Middle East Respiratory Syndrome (MERS) is an illness caused by a virus (more specifically, a coronavirus) called Middle East Respiratory Syndrome Coronavirus (MERS-CoV). Most MERS patients developed severe respiratory illness with symptoms of fever, cough and shortness of breath. About 3 or 4 out of every 10 patients reported with MERS have died.

After the emergence of SARS, MERS was the second coronavirus resulting in a major global public health crisis. It first emerged in 2012 in Saudi Arabia when a 60 year-old man presented with severe pneumonia.7 An outbreak of the virus did not occur until 2 years later, in 2014, with a total number of identified cases of 662 and a 32.97% case-fatality rate.8 From 2014 to 2016, 1364 cases were observed in Saudi Arabia. A total of 27 countries were affected by MERS during the outbreaks spanning Europe, Asia, the Middle East and North America. Cases that were identified outside of the Middle East, including the outbreak in South Korea in which 186 individuals were infected as a result of a super spreader, were transplanted individuals that had previously been infected in the Middle East.9 Since 2012, 2494 laboratory confirmed cases of MERS have been reported, and 858 associated deaths have occurred (34.4% case-fatality ratio).8,10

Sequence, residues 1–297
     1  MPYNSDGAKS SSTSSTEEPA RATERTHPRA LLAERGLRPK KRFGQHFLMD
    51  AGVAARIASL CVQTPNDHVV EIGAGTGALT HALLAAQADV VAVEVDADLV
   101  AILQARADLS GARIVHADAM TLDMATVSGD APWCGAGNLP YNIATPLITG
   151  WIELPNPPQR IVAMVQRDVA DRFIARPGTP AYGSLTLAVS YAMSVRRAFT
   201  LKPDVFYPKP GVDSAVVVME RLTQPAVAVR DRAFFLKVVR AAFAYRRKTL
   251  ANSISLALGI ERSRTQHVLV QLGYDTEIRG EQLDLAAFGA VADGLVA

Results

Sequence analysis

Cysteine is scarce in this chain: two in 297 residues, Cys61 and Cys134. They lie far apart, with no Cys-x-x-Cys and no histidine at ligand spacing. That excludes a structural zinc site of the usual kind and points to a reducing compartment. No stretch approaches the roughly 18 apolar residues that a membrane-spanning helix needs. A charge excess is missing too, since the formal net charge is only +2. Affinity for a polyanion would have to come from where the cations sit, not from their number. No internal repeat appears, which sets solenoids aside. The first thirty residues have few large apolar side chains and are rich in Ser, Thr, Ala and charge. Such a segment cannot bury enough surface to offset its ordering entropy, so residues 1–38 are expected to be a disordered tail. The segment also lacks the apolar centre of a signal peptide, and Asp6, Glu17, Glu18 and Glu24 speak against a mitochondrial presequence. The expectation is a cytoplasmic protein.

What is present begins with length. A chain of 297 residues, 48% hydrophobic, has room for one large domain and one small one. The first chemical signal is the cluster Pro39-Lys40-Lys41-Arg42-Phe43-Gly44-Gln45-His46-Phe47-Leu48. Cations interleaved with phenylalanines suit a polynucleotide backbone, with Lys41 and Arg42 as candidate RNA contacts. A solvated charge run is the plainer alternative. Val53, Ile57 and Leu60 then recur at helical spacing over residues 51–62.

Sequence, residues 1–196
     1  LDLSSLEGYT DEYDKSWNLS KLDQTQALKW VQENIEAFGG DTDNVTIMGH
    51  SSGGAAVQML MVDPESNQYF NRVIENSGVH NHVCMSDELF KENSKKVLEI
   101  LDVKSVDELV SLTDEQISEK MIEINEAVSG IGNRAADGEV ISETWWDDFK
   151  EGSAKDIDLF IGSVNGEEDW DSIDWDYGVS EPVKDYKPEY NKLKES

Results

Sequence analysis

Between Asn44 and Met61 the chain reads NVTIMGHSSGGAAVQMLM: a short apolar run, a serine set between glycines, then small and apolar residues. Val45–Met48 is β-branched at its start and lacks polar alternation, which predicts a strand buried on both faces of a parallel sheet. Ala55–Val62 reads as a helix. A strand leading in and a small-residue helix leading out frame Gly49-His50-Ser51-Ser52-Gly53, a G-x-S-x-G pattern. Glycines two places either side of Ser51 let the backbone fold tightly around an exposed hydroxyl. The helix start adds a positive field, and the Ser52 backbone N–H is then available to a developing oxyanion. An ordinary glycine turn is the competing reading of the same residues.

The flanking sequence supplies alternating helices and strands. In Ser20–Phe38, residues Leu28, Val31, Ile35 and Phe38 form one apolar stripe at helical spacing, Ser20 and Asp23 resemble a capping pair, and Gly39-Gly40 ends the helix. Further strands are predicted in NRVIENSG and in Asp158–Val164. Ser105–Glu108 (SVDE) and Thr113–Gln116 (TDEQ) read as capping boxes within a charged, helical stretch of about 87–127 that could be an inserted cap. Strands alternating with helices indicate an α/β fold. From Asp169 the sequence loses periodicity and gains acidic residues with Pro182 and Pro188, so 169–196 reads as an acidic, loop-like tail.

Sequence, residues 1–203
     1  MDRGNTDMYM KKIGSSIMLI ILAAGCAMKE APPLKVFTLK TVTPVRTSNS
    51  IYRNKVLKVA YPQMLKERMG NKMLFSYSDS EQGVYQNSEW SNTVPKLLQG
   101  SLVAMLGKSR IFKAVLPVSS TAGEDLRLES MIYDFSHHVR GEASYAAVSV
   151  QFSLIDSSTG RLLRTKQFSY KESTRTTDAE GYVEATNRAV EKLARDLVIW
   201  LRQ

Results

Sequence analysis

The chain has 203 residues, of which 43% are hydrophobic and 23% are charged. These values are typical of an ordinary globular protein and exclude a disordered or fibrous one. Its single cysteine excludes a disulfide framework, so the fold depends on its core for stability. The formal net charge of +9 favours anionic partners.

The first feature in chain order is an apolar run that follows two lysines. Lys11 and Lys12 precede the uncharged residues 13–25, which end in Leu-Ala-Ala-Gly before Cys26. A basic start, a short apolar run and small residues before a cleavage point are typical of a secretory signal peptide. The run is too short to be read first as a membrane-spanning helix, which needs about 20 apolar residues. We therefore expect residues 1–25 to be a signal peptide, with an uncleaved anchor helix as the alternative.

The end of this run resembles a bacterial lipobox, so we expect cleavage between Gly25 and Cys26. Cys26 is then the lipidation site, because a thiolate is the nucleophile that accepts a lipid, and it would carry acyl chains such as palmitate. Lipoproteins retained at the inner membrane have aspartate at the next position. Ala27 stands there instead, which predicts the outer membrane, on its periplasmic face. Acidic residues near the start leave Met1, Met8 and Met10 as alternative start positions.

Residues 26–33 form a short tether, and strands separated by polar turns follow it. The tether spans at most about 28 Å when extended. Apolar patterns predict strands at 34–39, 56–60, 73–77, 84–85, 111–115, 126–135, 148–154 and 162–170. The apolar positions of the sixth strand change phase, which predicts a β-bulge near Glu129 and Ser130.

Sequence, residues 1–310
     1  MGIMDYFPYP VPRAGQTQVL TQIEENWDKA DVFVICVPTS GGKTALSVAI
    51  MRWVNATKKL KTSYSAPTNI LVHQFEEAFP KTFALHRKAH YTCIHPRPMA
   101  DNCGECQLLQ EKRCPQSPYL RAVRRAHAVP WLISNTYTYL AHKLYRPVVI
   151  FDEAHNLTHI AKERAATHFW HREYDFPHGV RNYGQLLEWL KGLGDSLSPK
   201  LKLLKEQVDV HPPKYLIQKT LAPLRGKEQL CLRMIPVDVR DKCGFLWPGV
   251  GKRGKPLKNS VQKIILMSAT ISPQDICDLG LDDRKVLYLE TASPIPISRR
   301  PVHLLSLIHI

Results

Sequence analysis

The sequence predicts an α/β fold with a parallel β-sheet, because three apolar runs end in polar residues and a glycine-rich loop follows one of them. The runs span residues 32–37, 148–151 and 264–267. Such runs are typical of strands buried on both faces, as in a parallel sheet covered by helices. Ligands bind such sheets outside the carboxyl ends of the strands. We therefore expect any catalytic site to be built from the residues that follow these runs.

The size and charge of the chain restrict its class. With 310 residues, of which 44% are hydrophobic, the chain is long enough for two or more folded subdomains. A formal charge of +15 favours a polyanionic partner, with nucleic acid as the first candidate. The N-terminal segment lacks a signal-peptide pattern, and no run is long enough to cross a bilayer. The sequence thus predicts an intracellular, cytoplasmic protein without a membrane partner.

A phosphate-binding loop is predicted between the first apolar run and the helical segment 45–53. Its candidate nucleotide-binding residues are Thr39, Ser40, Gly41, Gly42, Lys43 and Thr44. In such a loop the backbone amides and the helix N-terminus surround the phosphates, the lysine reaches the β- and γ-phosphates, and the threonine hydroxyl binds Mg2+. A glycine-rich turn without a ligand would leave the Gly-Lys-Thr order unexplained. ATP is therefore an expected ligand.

The novel coronavirus (COVID-19), the third corona-virus resulting in a major global public health crises, was first identified in Wuhan, China, in December 2019 among a cluster of patients that presented with an unidentified form of viral pneumonia with shared history of visiting the Huanan seafood market.1 Patients were assessed for viral pneumonia through the ascertainment and testing of bronchoalveolar-lavage fluid utilizing whole genome sequencing, cell cultures and polymerase chain reaction (PCR). The virus was isolated from biologic samples and identified as genus betacoronavirus, placing it alongside other Severe Acute Respiratory Syndrome (SARS) and Middle East Respiratory Syndrome (MERS).1